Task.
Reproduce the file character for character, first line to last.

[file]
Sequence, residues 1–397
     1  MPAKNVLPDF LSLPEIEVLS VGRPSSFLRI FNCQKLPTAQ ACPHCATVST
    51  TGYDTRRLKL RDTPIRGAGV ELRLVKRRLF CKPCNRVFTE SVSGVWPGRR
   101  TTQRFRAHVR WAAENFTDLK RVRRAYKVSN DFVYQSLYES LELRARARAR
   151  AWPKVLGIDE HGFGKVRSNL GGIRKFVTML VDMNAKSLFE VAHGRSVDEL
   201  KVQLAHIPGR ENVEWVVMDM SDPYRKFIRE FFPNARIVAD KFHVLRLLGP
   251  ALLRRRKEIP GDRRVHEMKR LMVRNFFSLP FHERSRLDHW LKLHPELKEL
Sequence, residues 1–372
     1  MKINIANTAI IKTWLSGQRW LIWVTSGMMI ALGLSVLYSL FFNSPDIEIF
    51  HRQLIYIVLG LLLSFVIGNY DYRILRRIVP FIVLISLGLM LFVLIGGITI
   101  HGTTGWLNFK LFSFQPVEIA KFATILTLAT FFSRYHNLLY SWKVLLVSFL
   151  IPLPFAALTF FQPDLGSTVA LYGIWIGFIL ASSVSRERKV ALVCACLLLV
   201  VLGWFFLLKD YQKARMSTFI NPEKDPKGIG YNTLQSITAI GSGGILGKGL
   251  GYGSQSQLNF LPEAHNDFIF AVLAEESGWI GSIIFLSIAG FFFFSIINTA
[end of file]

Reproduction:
Sequence, residues 1–397
     1  MPAKNVLPDF LSLPEIEVLS VGRPSSFLRI FNCQKLPTAQ ACPHCATVST
    51  TGYDTRRLKL RDTPIRGAGV ELRLVKRRLF CKPCNRVFTE SVSGVWPGRR
   101  TTQRFRAHVR WAAENFTDLK RVRRAYKVSN DFVYQSLYES LELRARARAR
   151  AWPKVLGIDE HGFGKVRSNL GGIRKFVTML VDMNAKSLFE VAHGRSVDEL
   201  KVQLAHIPGR ENVEWVVMDM SDPYRKFIRE FFPNARIVAD KFHVLRLLGP
   251  ALLRRRKEIP GDRRVHEMKR LMVRNFFSLP FHERSRLDHW LKLHPELKEL
Sequence, residues 1–372
     1  MKINIANTAI IKTWLSGQRW LIWVTSGMMI ALGLSVLYSL FFNSPDIEIF
    51  HRQLIYIVLG LLLSFVIGNY DYRILRRIVP FIVLISLGLM LFVLIGGITI
   101  HGTTGWLNFK LFSFQPVEIA KFATILTLAT FFSRYHNLLY SWKVLLVSFL
   151  IPLPFAALTF FQPDLGSTVA LYGIWIGFIL ASSVSRERKV ALVCACLLLV
   201  VLGWFFLLKD YQKARMSTFI NPEKDPKGIG YNTLQSITAI GSGGILGKGL
   251  GYGSQSQLNF LPEAHNDFIF AVLAEESGWI GSIIFLSIAG FFFFSIINTA